Junker Blues - Book Review

Junker Blues

Author: Chris Kelsey
Genre: Fiction - Mystery - General
Publisher: Black Rose Writing
Date Published: 00 , 0000
ISBN-10: 1684339545
ISBN-13: 9781684339549

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Book Review of :  Junker Blues


Award-winning Author Chris Kelsey has another intriguing mystery in his 1970s-era novel, Junker Blues. The protagonist, Emmett Hardy, is the chief of police in the tiny Oklahoma town of Burr. Chief Hardy is the kind of guy who cares about his town; he has a few of his own demons but, in general, uses his power for good. A sudden economic boom in local oil exploration and drilling has thrust his sleepy town into an era of big city prosperity. Along with the good, however, came illegal drug trafficking, an unexplained murder, missing persons, and overlapping feuding police forces.

Kelsey knows his characters well. He comments that as a result of the town's prosperity, a twelve-year-old boy would rather be considered a petty criminal than a friend of law enforcement. Emmett, the police chief, is aware of the intrusion of illegal drugs and the detrimental use of alcohol. Underaged drinking is common knowledge but hard to enforce. Through Emmett's eyes, the reader is made aware of the author's ability to create memorable characters with descriptions like, "His greasy dark hair nicely complimented his greasy five o'clock shadow. He looked like Bluto after Popeye'd kicked the hell out of him, except he was as skinny as Olive Oyl.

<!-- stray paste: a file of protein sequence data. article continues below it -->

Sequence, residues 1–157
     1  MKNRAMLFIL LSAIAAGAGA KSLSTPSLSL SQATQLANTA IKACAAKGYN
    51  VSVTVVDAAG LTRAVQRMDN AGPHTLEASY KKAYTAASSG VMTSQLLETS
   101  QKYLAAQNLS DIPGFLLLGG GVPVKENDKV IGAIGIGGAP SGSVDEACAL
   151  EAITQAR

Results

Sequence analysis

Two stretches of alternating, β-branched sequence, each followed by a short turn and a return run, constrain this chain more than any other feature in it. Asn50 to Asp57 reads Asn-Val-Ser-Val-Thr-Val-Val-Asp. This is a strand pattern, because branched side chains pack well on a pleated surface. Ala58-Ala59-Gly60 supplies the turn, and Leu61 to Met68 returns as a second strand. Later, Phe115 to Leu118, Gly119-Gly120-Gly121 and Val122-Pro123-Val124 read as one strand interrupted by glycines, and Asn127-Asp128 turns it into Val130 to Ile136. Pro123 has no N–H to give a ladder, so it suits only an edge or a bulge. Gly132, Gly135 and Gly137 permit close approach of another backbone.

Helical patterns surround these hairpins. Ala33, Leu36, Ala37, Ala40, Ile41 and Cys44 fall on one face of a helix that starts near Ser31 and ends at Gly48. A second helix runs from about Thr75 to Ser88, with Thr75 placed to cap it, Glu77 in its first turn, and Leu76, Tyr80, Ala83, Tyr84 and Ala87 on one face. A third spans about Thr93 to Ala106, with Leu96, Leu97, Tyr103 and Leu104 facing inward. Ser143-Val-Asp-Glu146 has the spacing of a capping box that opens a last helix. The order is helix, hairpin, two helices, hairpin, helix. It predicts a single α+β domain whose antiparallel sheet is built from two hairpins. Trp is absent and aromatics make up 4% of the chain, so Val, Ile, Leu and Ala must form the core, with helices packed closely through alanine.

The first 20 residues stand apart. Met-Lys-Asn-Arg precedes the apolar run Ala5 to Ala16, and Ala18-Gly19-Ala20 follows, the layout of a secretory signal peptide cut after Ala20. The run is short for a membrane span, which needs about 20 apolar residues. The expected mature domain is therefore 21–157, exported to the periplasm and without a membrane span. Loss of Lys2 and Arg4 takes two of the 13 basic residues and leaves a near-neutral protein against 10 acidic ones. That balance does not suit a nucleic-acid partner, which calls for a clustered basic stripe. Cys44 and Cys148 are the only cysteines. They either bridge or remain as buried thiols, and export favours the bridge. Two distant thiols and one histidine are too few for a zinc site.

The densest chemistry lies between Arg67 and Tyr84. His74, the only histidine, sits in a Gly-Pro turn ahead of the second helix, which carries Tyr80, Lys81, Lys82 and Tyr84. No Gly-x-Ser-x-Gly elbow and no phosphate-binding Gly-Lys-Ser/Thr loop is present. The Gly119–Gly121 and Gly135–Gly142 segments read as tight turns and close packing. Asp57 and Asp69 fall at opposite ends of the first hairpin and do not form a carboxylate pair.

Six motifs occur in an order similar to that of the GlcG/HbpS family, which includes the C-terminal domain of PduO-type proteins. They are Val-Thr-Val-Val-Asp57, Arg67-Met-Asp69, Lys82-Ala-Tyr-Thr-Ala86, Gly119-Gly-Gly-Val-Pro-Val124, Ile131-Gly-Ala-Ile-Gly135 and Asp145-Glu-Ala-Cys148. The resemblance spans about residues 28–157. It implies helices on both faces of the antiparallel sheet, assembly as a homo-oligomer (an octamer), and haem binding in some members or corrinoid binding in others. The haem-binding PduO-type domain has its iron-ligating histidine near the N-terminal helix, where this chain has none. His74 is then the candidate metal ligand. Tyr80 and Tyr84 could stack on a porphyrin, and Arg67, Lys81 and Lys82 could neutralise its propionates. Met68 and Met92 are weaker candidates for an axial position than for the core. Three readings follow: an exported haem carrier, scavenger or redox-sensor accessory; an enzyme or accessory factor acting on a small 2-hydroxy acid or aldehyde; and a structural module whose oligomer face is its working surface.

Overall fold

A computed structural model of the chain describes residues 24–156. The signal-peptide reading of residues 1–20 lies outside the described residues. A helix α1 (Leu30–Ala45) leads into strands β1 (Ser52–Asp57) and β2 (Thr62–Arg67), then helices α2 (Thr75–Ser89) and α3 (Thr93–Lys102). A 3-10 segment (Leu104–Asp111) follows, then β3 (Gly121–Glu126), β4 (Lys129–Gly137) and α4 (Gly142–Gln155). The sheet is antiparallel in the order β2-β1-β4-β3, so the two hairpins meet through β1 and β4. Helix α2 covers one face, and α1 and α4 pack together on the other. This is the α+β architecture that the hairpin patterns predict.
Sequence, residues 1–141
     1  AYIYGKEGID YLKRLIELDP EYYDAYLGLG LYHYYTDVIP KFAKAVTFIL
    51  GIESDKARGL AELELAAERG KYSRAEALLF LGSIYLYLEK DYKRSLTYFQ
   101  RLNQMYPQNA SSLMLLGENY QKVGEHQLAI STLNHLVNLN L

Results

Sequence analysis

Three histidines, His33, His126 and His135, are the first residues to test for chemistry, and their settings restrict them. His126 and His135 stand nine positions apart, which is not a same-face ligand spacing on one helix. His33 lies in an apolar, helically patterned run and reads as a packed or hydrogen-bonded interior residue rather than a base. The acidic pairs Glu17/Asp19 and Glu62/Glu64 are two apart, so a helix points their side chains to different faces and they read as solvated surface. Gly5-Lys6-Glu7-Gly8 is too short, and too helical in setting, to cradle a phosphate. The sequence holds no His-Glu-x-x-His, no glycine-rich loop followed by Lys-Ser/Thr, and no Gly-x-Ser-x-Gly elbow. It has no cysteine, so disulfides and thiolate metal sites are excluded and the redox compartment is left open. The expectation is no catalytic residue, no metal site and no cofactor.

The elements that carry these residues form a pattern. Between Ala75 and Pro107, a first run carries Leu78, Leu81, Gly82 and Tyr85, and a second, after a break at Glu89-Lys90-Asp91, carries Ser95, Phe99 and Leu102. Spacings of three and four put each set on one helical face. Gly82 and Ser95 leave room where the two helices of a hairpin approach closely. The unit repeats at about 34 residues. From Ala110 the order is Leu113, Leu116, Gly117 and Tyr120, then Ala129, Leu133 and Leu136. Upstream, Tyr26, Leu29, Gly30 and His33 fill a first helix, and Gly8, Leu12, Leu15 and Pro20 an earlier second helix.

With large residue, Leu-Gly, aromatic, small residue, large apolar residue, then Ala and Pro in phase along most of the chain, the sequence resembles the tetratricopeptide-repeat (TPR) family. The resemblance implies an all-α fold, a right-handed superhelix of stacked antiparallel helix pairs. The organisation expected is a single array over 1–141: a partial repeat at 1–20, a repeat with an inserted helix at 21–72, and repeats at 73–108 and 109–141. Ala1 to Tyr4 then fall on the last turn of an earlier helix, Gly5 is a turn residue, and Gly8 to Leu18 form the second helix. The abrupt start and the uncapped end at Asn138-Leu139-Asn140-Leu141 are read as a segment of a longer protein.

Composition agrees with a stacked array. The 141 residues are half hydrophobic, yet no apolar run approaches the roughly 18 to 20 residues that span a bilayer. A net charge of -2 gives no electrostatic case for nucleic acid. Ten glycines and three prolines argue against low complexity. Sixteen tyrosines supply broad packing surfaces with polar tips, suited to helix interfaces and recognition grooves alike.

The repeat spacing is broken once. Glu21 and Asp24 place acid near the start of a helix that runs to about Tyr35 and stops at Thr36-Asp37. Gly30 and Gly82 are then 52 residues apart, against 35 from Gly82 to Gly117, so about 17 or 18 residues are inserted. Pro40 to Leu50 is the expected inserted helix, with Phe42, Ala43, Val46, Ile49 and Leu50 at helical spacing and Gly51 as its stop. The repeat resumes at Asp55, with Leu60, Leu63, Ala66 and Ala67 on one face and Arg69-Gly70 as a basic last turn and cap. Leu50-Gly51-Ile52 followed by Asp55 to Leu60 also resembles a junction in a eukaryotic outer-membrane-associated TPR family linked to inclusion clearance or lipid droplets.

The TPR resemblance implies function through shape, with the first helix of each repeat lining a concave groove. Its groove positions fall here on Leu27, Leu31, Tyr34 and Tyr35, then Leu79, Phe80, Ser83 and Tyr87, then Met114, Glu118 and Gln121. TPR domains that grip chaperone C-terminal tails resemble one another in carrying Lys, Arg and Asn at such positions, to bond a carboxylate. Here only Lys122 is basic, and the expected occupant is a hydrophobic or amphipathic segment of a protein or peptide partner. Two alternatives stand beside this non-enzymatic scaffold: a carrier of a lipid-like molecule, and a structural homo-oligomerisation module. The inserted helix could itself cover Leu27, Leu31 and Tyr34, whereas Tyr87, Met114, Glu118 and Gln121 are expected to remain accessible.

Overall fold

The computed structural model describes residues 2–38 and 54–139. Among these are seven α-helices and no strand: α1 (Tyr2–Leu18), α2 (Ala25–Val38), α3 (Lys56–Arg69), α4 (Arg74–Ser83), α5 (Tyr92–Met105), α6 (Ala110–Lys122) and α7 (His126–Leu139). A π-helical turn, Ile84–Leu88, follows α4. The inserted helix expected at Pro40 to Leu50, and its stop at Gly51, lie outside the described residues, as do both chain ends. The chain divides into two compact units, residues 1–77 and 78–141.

A mentally disabled twenty-something young man, Freddie, is discovered murdered execution-style. The murder sets off a chain of mysterious events that entail Emmett's undercover cooperation with local and state authorities. Through the identification of evidence, the murder is loosely tied to the murder of a family in another town, and the murder of a hitchhiker in yet another distant town. While fighting his own demons, Emmitt searched for Freddie's killer. His personal life and his own misjudgments interfere with rational judgement and cause him to misinterpret clues. The juxtaposition of clues and mistakes creates plenty of suspense.

While the reader wants the chief of police to be a hero, the author makes sure that Emmett is portrayed as a fallible human being who makes mistakes. Emmett questions his working of the case. "I might not be… Sherlock Holmes, but I'm smart enough to know that if you eliminate the impossible, whatever you have left -no matter how improbable- must be the truth."

 Carefully hidden "red herrings" and veiled humor intensify the plot. As chaos and bloodshed increase, the author's realistic descriptions of police actions intensify. Minor characters who have been introduced into the plot become significant players. Emmett admits that he has been wrong in the investigation and in his personal life. As the tension warps up, you wonder if he can pull things together.

Junker Blues is seductive . . . blunt, and crude, but an awesome story. Kelsey has created a  thriller with a crime solver who "resonates with originality and energy. A thoroughly enjoyable 'page turner' that can keep you up past your bedtime! 

Reviewed by: Carole W

About Chris Kelsey

Chris Kelsey grew up in Oklahoma, the son of a jazz musician and a school librarian. He's played the saxophone since he was knee-high to an armadillo and made a name for himself playing, teaching, and writing about strange and obtuse forms of modern jazz. Chris currently lives in Dutchess County, NY, with his wife Lisa, son Jasper, and daughter Meret. "Where the Hurt Is," is Kelsey's first novel.

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